The Rumpus Mini-Interview Project #150: Catherine Lacey


With the publication of her first novel Nobody Is Ever Missing in 2014, Catherine Lacey’s evocative depictions of modern life established her as a powerful voice in fiction. A native of Mississippi, Lacey has since been recognized with a Whiting Award and was named one of Granta Magazine’s Best Young American Novelists in 2017. Her characters often find themselves in the aftermath of a decision to detach from something⎯finally free, but also untethered, unsure, and not always comfortable with who they find themselves to be. Certain American States, Lacey’s most recent work, blends the author’s skill for deft cultural critique with her uncanny ability to render the brutal freedom found when people choose to go it alone.

The stories in the collection range from tales of neurotic city-dwellers literally unable to communicate with one another (“ur heck box”) to stories that center on unapologetically ambivalent women trying their best to make space for themselves in the world (“Because Your Have To,” “Please Take,” “Small Differences,” “Family Physics”) and strange, surreal depictions of what it feels like to become trapped in blissful solitude (“The Grand Claremont Hotel”). Lacey’s collection draws the reader through an expansive range of human emotion—disappointment, joy, love, detachment, resignation, hope. It is some of the author’s best work, offering pointed criticisms of the social traps we get ourselves into and out of, without losing the dreamy descriptions of characters’ inner states that are a hallmark of her fiction.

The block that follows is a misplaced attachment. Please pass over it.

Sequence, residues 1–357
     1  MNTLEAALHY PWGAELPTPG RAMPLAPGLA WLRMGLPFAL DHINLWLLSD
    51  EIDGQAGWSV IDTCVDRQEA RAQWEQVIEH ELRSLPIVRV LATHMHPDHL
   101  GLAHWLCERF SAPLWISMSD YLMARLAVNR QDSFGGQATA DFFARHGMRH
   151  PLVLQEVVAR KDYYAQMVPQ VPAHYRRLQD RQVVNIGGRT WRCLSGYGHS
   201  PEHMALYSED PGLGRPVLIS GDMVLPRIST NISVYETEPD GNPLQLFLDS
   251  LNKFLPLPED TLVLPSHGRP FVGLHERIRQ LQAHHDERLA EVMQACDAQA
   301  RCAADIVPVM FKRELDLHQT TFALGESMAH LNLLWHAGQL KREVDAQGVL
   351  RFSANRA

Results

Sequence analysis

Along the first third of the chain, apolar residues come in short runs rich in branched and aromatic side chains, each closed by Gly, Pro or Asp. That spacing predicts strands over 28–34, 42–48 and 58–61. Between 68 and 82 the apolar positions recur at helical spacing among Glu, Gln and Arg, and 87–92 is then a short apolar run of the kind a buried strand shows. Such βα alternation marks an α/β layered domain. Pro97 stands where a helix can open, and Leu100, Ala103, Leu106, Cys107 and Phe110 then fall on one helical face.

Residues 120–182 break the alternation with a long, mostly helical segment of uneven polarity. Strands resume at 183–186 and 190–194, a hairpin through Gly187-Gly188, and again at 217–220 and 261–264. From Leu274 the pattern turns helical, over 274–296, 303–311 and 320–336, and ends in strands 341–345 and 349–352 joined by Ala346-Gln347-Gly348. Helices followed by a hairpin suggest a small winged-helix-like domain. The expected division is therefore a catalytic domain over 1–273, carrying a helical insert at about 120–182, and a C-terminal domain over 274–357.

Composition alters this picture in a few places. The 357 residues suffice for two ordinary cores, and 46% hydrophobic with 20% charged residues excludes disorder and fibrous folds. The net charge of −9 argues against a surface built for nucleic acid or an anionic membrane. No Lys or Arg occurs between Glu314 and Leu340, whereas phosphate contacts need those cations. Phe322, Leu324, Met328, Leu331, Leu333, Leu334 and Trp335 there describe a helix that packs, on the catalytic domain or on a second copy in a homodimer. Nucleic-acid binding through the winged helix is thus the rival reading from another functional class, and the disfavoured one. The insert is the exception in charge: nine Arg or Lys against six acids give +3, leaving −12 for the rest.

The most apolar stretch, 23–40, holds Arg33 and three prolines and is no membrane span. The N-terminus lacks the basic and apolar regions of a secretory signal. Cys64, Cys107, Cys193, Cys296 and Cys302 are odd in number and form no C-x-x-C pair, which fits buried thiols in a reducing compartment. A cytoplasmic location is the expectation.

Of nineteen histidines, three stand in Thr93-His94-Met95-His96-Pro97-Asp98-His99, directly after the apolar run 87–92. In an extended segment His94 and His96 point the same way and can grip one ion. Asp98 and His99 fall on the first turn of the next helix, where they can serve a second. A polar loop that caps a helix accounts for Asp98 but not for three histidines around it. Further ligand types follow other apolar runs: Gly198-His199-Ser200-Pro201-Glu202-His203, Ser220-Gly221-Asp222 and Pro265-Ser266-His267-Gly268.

I spoke with Lacey via email about the power of transgressive women, the limitations of domestic arrangements, and the possibility of building a room for readers in her fiction.


The Rumpus: When reading the book, I felt like “The Healing Center” shared some DNA with The Answers and “Family Physics” shared some DNA with Nobody Is Ever Missing. What is the relationship between the stories in this text and your novels? Did the same grist that produced your other books help produce some of these stories?

Catherine Lacey: I think you’re right about these particular connections on a thematic level, though stylistically they seem quite disparate to me and in terms of timing, these pairs of stories were not written concurrently with the novels or with the same ideas in mind. In some ways a writer must revisit the same themes and push into or away from the same styles throughout a career—I would imagine that the themes and obsessions in these first three books will repeat throughout future books—hopefully with enough variation to make both the writing and reading of those books worthwhile.

Rumpus: I read that you researched your nonfiction publication, The Art of the Affair, while writing Nobody Is Ever Missing because you found that the nonfiction research took a different kind of energy, and you still had that kind of energy after writing fiction all morning. Can you talk a little bit about what you see as the benefits and/or drawbacks of writing and publishing in different genres?